Lisa's Reviews > Triggers

Triggers by Robert J. Sawyer
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's review
Apr 09, 12

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bookshelves: 2012
Read from April 06 to 09, 2012

(originally reviewed on Starmetal Oak Reviews)

Triggers really intrigued me through its premise: the fact that a group of people, through some kind of freak event, are able to access another person’s memory. One of the person affected by it is the President of the United States, who winds up in the hospital where this all goes down after he is almost killed by a would-be assassin. Someone is now able to access the President’s memories and Secret Service agent Susan Dawson.

There were many things about Triggers I enjoyed, although overall I would say I didn’t feel as into it as I would have liked. The science of memories was fascinating and seeing how the group’s newfound ability to access another’s memories was just plain cool. There’s physics and biology which Sawyer really manages to explain in a compelling and approachable way. Also, his writing is deft at creating the right amount of suspense for this kind of action-packed novel.

Another great thing about Triggers was the topical nature. It’s set just a bit in the future but not so much that things are unrecognizable. The United States has been attacked several times by terrorists and even the President had almost been killed. This creates a fast-paced political thriller that has many cinematic qualities, with the more apparent plot being the mystery of who has the President’s memories.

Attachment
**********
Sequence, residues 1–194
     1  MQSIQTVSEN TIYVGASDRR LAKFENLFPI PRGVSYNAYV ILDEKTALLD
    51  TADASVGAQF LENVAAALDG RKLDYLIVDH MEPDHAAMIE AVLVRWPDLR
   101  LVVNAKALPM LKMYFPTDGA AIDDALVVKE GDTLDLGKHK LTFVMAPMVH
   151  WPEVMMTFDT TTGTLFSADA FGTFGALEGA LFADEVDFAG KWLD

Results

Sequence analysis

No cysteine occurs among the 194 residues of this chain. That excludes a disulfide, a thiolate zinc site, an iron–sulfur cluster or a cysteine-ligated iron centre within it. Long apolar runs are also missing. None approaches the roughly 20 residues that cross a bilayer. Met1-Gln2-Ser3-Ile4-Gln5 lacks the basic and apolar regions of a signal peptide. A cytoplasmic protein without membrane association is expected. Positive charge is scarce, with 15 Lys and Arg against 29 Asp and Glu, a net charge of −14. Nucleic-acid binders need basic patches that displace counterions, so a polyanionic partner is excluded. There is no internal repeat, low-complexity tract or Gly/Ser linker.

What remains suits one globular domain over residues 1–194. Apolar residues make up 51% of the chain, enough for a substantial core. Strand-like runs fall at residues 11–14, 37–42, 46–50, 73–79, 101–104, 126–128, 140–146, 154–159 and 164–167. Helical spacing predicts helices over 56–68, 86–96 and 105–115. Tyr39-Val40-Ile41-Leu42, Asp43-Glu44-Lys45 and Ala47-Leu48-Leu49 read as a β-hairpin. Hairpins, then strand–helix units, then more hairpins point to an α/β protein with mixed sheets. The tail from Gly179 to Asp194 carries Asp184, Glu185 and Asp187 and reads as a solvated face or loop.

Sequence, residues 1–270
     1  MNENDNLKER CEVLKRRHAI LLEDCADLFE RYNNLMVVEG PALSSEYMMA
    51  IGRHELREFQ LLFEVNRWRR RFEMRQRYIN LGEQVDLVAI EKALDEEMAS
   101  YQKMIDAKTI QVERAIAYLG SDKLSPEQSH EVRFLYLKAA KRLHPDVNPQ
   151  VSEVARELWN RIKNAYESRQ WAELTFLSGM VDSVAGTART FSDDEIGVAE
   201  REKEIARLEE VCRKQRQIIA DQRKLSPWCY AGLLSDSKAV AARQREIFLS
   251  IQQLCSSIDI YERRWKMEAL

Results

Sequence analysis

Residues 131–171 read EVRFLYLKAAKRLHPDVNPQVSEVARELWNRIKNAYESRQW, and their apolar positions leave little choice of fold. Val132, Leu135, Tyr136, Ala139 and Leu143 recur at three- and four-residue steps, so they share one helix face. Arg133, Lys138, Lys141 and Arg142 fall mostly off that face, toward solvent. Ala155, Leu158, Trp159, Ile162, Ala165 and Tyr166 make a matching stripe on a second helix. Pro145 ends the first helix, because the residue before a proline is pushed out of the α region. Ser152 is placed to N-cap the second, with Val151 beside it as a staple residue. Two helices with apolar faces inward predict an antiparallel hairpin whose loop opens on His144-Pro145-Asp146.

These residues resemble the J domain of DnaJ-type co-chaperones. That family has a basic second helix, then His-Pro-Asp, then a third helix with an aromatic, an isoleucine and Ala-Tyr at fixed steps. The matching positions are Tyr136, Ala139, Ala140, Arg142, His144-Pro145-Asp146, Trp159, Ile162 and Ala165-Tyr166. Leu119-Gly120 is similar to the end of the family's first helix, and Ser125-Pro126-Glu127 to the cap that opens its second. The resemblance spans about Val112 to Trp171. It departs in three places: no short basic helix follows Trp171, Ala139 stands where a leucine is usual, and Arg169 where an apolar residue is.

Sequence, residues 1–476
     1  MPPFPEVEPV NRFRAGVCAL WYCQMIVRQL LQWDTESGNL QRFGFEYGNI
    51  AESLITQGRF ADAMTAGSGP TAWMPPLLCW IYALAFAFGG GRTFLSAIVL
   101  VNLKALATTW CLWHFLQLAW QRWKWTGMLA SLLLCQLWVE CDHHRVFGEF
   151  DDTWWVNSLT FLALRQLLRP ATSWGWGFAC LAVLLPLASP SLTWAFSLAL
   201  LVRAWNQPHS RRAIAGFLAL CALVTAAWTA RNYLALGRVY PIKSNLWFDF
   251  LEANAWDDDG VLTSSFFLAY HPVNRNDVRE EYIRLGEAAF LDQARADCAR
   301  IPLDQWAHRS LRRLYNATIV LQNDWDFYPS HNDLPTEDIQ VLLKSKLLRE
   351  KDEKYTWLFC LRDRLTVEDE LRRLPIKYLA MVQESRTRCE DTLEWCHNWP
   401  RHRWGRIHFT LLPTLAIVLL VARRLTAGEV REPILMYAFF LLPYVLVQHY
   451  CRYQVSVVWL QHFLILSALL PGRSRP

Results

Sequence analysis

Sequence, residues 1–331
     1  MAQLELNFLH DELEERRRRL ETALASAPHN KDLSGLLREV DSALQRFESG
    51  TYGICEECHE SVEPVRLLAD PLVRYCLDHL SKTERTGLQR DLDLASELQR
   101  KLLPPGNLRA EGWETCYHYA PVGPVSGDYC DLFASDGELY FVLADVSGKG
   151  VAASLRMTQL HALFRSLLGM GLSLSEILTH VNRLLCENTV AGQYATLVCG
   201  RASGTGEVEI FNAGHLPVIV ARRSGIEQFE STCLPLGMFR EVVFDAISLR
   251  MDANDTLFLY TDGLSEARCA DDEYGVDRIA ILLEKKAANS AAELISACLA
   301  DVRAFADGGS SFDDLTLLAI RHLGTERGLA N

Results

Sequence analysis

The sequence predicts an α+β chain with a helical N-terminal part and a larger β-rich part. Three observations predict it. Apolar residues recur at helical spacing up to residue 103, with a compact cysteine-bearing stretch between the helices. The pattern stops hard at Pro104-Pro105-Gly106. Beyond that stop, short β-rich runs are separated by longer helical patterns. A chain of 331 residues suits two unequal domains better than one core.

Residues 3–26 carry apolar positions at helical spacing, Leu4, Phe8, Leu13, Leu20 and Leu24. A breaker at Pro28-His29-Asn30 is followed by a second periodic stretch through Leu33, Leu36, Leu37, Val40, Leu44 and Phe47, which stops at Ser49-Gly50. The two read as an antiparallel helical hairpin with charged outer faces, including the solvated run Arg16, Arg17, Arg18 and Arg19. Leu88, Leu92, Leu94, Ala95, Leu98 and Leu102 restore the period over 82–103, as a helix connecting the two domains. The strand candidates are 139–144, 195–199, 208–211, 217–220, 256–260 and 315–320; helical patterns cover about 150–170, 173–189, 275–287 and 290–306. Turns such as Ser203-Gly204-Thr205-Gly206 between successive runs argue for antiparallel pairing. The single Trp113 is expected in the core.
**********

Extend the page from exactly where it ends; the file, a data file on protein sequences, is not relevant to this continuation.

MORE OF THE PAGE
My only reservations are caused by what I believe is the fact I didn’t connect too well with the characters. There’s many, many characters and we get to experience the discovery of memories as they do, which makes for a lot of background information. The only character I really came to connect to was Susan Dawson and that’s because I felt sympathetic about her loyalty to the President.

Overall,Triggers was fascinating and well-written, but it wasn’t enough to make this a must-read. It would definitely be a great read for those who are motivated by the mystery of the memory phenomena itself, or those who are particularly interested in science fiction political thrillers. There are twists and turns and I didn’t really see the end coming, which is a good thing. I would definitely read more Sawyer in the future, and I particular would like to finish his WWW series.

Review copy of this book was provided by the publisher.
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04/09/2012 page 352
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